Google Dumps Motorola, The Plan All Along?


So by now, we’ve all heard that Google is selling Motorola Mobility to Lenovo for $2.91Bn ($660MM cash, $750 Lenovo stock, $1.5Bn note).  That’s a far cry from the $12.5Bn they paid for the unit back in 2012, but it’s not the ~$10Bn loss it would seem at first blush.  A closer analysis of the history of the acquisition, and the players involved, paint a much different picture.  In fact, it would suggest that this was Google’s intention all along.

  • July 2011 — Google loses out to a consortium including Apple and Microsoft to patents as part of the Nortel Networks bankruptcy.
  • August 2011 — 1 month later, Google announces it is acquiring Motorola Mobility Holdings for $12.5Bn in cash, which is essentially made up of the set-top box business, the handset business, and a huge patent portfolio. In the press release, Google makes very clear the patent portfolio is a big reason for the deal, protecting the Android operating system.   Motorola Mobility has $2.9Bn in cash and $1Bn in available tax credits, bringing the purchase price down to $8.6Bn (according to Dealbook). Lazard, the investment bank, advises Google on the transaction.
  • May 2012 — Clearing regulatory approvals, the Google/Motorola Mobility deal finally closes.
  • August 2012 — 3 months after the deal closes, Bloomberg reports that Google hires an investment bank to sell Motorola Home, the set-top box business.
  • December 2012 — 7 months after the deal closes, Google announces that they have sold Motorola Home to Arris for $2.35Bn ($2.05Bn in cash, $300MM in stock).  With this cash, the original purchase price drops to $6.55Bn.  Today, Arris stock is up 76% since this deal was announced, so if Google got a fixed number of shares, the $300MM in stock is now worth $527MM.  Google now only “paid” $6.02Bn.
  • April 2013 — Arris acquisition of Motorola Home closes.
  • January 2014 — 9 months later, Google announces it is selling Motorola Mobility to Lenovo for $2.91Bn, meaning Google really paid $3.11Bn for all the patents it is keeping.  And in 2012, Google valued those patents at $5.5Bn. Lazard again advises Google on the transaction.

So you could argue that Google is “up” $2.4Bn on paper since the original acquisition, ignoring the cost of capital and the operating losses they incurred by the unit during this period (though those losses would offset taxes at the Company overall).  Bottom line, Google came out pretty well after all of this, especially in protecting the Android ecosystem.  Happenstance?

If I had to make an educated guess as to how this all played out from the Board Rooms, this is how it would go…

Google wasn’t happy it lost on the Nortel patents and needed to play some defense.  The Motorola Mobility opportunity was there, and even though Google did not want most of the businesses there (really just the patents), Motorola Mobility wasn’t going to just sell the patents.  It could be they, and their banker Frank Quattrone from Qatalyst Partners, thought the sum of the pieces would be less than as a whole in this case (not to mention it would take a lot longer and be more painstaking to divide up the business).  Selling the company entirely at once is a much “cleaner” transaction for everyone involved, particularly considering the risk for shareholders, employees, and management.  The danger in that approach, of course, is likely not everyone wanted Motorola Mobility in its entirely.  Arris probably told Motorola they just wanted the set-top business.  Lenovo likely told them they just wanted the hand-sets.  Google was willing to do the dirty work of paring down the business and selling the pieces it didn’t want.  They felt it was worth it for the patents to protect Android.  I believe they were right.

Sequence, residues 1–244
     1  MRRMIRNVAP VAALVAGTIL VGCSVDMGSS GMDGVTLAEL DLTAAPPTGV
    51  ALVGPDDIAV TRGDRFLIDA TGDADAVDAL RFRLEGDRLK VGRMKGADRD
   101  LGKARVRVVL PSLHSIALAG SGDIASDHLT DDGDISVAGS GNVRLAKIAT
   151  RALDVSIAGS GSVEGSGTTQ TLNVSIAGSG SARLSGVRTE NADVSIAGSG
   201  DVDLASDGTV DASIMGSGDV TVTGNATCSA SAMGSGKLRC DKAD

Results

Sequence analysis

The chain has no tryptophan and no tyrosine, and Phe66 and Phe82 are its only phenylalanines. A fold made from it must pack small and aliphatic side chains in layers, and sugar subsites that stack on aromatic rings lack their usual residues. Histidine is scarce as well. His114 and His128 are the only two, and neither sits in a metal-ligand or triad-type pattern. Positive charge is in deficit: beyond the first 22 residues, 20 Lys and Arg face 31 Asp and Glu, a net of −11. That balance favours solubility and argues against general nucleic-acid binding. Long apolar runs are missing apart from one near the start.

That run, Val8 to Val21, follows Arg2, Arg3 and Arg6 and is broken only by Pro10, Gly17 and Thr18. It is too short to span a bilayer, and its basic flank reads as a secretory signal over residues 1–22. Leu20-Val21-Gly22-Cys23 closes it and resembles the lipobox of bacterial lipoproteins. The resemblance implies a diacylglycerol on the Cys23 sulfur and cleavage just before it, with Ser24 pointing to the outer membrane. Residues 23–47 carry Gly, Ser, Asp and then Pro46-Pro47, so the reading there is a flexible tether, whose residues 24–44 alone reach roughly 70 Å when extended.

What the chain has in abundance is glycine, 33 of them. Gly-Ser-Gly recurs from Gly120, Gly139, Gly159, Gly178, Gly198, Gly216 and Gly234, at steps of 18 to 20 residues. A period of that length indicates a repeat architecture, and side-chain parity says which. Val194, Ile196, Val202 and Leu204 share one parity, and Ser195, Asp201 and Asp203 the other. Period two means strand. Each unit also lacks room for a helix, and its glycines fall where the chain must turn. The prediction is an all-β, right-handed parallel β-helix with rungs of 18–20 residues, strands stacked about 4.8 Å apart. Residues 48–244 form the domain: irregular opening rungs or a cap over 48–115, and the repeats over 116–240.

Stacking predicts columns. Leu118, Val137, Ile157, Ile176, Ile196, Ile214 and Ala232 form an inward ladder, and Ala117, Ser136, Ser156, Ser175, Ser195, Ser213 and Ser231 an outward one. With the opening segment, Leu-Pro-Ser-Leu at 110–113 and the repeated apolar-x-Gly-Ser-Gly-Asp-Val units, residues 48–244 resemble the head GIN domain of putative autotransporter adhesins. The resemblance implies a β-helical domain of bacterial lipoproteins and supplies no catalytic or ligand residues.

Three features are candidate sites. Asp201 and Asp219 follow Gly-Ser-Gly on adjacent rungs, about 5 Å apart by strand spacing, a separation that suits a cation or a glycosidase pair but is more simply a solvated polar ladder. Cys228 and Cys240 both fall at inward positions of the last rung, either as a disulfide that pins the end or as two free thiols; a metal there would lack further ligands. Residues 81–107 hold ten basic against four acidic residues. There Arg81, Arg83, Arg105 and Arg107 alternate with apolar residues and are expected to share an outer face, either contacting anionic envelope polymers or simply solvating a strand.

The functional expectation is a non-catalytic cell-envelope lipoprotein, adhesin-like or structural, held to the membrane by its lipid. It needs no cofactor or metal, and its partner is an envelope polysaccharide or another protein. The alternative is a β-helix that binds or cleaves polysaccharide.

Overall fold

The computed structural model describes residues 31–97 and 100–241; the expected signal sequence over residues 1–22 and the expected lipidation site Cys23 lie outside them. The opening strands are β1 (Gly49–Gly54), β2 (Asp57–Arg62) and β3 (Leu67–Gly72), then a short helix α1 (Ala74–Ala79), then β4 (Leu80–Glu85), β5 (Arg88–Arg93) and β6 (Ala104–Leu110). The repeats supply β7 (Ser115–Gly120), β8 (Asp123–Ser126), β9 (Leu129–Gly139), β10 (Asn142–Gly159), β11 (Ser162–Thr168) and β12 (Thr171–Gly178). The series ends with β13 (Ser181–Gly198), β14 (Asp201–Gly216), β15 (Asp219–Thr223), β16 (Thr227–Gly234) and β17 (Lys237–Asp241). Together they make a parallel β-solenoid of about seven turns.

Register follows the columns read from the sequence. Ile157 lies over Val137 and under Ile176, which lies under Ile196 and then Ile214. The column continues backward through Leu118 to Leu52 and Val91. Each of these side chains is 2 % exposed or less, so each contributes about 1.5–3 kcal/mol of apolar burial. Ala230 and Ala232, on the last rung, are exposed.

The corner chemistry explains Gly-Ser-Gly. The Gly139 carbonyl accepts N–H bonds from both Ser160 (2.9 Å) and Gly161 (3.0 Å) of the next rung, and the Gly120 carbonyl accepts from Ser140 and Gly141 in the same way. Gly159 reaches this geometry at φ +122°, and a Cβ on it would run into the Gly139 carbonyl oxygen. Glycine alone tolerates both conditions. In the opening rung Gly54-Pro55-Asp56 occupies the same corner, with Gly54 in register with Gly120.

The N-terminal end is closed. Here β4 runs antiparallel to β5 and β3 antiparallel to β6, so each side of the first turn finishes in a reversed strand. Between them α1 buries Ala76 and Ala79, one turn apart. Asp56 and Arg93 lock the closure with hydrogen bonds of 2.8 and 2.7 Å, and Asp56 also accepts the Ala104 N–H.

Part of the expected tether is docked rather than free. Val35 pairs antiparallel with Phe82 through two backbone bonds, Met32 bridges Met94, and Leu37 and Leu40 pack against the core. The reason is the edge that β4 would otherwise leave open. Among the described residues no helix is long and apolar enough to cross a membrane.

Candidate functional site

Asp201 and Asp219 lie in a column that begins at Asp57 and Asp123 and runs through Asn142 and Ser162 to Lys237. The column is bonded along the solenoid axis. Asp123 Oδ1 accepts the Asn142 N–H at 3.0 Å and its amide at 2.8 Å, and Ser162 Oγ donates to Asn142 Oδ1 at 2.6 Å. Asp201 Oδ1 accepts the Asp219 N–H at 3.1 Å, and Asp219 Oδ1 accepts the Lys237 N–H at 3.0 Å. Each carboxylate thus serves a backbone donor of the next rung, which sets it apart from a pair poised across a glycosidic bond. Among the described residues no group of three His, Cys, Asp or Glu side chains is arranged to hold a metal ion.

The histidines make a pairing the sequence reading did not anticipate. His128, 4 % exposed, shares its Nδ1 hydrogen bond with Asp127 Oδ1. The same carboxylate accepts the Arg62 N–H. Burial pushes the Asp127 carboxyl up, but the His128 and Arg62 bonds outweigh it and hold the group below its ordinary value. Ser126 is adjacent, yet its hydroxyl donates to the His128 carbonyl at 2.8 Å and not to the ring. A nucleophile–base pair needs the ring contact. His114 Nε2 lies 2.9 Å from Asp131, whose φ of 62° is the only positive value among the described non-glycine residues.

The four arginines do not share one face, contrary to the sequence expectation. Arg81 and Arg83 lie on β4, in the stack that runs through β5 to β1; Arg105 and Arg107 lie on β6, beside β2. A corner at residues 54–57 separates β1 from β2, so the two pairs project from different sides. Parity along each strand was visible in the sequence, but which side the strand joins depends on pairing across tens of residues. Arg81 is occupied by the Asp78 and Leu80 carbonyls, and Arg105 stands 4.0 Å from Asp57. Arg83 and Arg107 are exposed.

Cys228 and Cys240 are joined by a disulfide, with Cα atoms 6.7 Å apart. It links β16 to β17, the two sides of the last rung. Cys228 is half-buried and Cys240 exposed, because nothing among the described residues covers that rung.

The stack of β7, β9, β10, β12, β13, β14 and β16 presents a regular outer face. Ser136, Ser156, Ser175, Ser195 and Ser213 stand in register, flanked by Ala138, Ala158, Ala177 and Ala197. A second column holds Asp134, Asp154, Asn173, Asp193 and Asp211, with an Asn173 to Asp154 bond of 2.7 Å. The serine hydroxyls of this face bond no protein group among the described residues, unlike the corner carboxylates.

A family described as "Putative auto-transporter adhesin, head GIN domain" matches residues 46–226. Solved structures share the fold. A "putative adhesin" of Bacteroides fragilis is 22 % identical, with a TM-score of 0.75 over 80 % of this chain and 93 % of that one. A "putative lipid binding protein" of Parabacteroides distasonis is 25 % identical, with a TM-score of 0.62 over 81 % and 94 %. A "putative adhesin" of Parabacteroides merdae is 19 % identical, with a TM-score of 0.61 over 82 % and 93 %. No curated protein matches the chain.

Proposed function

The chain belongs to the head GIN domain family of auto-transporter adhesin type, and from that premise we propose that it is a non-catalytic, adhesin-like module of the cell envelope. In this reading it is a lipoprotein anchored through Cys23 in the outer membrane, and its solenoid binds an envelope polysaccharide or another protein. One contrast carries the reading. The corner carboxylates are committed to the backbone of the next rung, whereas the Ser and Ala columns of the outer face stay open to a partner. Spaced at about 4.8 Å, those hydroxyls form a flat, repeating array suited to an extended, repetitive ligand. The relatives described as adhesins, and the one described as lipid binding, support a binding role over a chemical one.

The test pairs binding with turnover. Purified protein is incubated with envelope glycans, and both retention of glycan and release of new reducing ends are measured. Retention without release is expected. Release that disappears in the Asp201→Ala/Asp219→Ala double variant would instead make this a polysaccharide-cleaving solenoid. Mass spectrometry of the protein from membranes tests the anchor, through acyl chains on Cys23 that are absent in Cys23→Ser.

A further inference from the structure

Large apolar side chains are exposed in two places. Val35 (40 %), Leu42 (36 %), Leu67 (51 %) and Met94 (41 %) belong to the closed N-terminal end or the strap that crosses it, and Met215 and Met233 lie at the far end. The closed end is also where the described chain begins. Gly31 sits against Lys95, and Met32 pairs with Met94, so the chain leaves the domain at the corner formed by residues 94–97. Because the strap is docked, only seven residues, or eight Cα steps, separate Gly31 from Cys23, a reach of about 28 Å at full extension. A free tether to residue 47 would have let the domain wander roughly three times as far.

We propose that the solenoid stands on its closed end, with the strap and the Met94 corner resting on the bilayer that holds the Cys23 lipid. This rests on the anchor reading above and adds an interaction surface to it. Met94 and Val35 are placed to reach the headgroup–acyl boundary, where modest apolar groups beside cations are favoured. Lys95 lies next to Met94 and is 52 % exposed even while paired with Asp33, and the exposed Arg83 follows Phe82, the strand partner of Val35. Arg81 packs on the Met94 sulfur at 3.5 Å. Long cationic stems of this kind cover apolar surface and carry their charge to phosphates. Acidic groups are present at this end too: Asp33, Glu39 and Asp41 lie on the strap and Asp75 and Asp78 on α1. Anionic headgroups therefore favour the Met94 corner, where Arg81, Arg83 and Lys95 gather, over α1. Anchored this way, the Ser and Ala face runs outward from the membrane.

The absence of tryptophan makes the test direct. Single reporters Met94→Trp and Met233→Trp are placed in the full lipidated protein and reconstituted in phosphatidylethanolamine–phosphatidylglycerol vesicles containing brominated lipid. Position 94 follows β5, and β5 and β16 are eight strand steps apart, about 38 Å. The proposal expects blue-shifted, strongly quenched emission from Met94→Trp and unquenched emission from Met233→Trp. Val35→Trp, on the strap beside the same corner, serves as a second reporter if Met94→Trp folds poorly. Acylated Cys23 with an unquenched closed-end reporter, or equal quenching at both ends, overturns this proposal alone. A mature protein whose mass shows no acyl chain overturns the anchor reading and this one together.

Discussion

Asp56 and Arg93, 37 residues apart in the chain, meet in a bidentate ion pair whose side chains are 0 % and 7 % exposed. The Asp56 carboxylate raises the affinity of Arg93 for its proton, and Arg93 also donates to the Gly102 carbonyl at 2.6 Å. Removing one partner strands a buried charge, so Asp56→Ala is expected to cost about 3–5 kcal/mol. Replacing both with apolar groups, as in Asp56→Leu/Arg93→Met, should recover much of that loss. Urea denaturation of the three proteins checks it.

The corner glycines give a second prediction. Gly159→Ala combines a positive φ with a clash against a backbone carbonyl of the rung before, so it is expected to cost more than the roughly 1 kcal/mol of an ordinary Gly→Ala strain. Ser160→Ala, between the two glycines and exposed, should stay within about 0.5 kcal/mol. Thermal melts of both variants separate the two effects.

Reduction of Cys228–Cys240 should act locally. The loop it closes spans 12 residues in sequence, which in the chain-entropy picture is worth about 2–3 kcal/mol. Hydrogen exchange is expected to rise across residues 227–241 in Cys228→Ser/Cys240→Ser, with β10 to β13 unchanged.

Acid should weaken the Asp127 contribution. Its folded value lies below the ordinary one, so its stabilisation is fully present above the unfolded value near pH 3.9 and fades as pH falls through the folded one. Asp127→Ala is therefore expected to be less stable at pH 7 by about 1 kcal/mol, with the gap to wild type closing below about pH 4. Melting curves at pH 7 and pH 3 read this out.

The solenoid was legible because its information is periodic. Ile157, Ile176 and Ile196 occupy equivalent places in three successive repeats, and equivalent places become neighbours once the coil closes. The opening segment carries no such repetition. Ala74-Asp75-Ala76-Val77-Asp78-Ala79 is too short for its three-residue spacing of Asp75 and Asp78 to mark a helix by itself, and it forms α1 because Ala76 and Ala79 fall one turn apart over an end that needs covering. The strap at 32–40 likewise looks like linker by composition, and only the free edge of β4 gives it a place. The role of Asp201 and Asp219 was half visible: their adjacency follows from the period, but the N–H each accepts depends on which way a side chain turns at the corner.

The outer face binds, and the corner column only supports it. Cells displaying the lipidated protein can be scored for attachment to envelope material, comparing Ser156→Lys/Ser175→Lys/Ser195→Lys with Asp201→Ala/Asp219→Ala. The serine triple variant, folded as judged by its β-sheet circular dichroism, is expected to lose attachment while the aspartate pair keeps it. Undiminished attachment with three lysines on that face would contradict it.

The moment the deal closes, Google and their bankers began the work of laying off workers to prepare the business for sale. After all, the units will look a lot more attractive if the operating costs were lower.  Google hires Barclays immediately and not Lazard (who advised on the original deal), maybe because Barclays lost out originally and Google felt like they owed them (very common in the banking world). Lazard gets to sell Motorola Mobility since they worked on the deal originally.

Another reason I think this was all pre-planned is how quickly it happened.  If Google really wanted to see if either of these business units made sense within Google, I think they would have given them some more time.  If not the set-top box business, then at least the hand-set side.  Deals of this size typically take months, if not years to develop (especially when it involves cross-border).  The fact that Mobility was sold 20 months after a deal of this size closed indicates to me that they never wanted it, because they would have at least started negotiating so soon after closing.  If it really was buyer’s remorse, they had 9 months between announcement and closing to walk away from the deal for $2.5Bn (termination fee), which is a lot less than the $12.5Bn they paid.  If so, why didn’t they announce their intention at the beginning?  Well, it would be hard to have employees stay motivated if they knew this wasn’t going to be home for awhile.  They needed to retain talent or else the assets wouldn’t be as valuable.

This was the plan all along.  Buy Motorola, spin off the assets, keep the patents, come out ahead.  Smart move Google.

Christopher Chiou

Bay Area based for 12 years and originally from the NYC area. My career has been spent as a technology dealmaker, advising clients on M&A and capital raising, and as a principal investor backing great companies and teams. I'm passionate about technology trends, traveling, sports, politics, Knowledge, and Duke basketball.


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